While it wasn’t a particularly thought-provoking novella (the whole discussion on good & evil was somewhat condensed) it makes for a quick and relatively gripping read starring badass black & queer girls/women. There is gore, some pretty-epic fight sequences, a few moments of respite, and a lot of banter. The author present his readers with some real creepy visuals (the mouths, enough said) and some subversive ideas. Overall, if you are new to his work this is definitely worth checking out (it will make for a solid Halloween read).

MY RATING: 3 out of 5 stars

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Passing by Nella Larsen — book review

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“It’s funny about ‘passing.’ We disapprove of it and at the same time condone it. It excites our contempt and yet we rather admire it. We shy away from it with an odd kind of revulsion, but we protect it.”

At once alluring and disquieting Nella Larsen’s Passing presents its readers with a piercing examination of the interplay of race, gender, and class in 1920s New York.
Clare and Irene, the women at the centre of this novel, are childhood friends who grew up in the same black neighborhood. Both are light-skinned and can ‘pass’ for white but whereas Irene now lives with her husband, who is a doctor, and two sons in Harlem, and seems to enjoy a respectable middle-class existence, Clare has left their community and now passes for white. Irene has never paid much attention to the rumours surrounding Clare’s ‘disappearance’ from their circle. A chance encounter reunites the two women. Clare, who has married a white supremacist, views Irene has a link bank to the black community she abandoned. While she’s clearly made the most of the privileges that come with being ‘white’, Clare seems tired of her new identity. Irene too may be more dissatisfied than she’d like to believe and begrudgingly rekindles her friendship with Clare.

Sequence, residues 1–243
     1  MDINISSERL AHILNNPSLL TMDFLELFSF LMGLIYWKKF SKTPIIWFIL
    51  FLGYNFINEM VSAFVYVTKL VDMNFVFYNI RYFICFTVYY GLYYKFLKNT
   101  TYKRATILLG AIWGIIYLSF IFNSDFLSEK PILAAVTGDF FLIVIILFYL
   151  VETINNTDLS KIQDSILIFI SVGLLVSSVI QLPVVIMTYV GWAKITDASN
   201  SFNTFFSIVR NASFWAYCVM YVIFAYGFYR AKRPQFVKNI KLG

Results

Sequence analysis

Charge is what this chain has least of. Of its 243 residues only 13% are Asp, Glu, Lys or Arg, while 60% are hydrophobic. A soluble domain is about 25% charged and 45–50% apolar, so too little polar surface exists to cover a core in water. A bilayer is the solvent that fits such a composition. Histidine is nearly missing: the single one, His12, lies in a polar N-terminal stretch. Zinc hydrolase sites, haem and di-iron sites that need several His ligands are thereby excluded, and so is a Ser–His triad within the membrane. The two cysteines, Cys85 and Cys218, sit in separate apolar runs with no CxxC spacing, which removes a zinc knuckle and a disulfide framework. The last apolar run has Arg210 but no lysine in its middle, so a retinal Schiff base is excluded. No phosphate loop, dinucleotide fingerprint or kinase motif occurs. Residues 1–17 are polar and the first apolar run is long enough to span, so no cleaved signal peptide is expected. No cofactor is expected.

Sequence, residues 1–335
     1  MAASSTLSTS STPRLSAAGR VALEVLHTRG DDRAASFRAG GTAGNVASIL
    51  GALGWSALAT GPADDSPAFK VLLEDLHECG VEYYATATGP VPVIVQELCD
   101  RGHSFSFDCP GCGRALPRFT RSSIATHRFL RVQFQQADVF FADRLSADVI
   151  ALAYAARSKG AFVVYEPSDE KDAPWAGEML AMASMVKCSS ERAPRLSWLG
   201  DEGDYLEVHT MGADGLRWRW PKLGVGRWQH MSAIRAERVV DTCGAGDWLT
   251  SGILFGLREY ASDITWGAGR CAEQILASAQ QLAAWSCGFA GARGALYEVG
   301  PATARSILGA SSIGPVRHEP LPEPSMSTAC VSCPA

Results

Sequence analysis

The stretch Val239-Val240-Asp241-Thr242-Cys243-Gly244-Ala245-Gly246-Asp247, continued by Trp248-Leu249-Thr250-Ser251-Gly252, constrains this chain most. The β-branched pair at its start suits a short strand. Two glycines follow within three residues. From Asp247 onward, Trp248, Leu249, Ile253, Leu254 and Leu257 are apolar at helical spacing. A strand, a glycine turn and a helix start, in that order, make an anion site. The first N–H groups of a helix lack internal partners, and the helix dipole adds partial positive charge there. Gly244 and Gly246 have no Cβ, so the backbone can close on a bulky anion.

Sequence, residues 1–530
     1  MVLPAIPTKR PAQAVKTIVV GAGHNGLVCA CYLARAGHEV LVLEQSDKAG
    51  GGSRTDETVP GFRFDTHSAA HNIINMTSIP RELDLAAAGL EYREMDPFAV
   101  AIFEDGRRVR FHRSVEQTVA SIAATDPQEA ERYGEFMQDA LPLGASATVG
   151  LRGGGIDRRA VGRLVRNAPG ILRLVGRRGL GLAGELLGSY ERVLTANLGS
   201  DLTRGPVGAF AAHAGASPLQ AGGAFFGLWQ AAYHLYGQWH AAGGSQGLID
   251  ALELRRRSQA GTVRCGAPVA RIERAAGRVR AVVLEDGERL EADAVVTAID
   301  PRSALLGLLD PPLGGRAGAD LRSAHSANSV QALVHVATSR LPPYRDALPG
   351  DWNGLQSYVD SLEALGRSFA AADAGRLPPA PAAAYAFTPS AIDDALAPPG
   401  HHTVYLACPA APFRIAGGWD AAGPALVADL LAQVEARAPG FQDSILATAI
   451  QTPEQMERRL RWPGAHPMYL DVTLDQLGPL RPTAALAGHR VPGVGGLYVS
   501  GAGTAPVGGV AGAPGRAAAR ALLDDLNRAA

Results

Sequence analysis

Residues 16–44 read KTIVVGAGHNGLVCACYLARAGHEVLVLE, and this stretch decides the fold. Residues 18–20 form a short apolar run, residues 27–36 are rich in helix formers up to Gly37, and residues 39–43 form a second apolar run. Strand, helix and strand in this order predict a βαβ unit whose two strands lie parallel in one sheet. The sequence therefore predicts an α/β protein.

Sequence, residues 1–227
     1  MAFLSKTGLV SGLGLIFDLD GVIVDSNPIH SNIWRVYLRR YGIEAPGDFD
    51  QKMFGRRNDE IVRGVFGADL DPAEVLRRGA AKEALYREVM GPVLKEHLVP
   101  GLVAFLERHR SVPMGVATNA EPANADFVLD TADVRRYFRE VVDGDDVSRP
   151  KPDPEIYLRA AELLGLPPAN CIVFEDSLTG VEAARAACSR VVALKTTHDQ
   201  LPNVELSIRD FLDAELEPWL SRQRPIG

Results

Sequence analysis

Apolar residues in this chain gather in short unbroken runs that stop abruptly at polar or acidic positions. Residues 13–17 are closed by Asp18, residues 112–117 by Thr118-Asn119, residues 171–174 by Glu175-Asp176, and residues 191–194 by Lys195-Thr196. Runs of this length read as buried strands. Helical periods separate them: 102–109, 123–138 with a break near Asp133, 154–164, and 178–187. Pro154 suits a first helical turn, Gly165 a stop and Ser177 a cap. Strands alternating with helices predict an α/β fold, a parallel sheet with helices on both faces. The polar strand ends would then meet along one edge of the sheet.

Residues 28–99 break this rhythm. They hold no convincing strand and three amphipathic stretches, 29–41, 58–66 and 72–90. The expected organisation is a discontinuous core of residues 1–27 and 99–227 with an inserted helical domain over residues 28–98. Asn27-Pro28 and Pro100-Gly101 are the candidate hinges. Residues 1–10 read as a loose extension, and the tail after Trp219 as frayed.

The fraught dynamic between Clare and Irene brought to mind that between Sula Peace and Nel Wright (from Toni Morrison’s Sula). Both sets of women used to be childhood friends, Clare and Sula leave their community only to return years later. Their beauty and insouciant attitude arouses jealousy and envy in their old friends.